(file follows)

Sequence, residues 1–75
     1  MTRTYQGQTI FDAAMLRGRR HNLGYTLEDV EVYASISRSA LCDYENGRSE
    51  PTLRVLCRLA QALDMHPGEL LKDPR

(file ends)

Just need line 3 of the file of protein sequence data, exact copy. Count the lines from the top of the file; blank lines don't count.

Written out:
    51  PTLRVLCRLA QALDMHPGEL LKDPR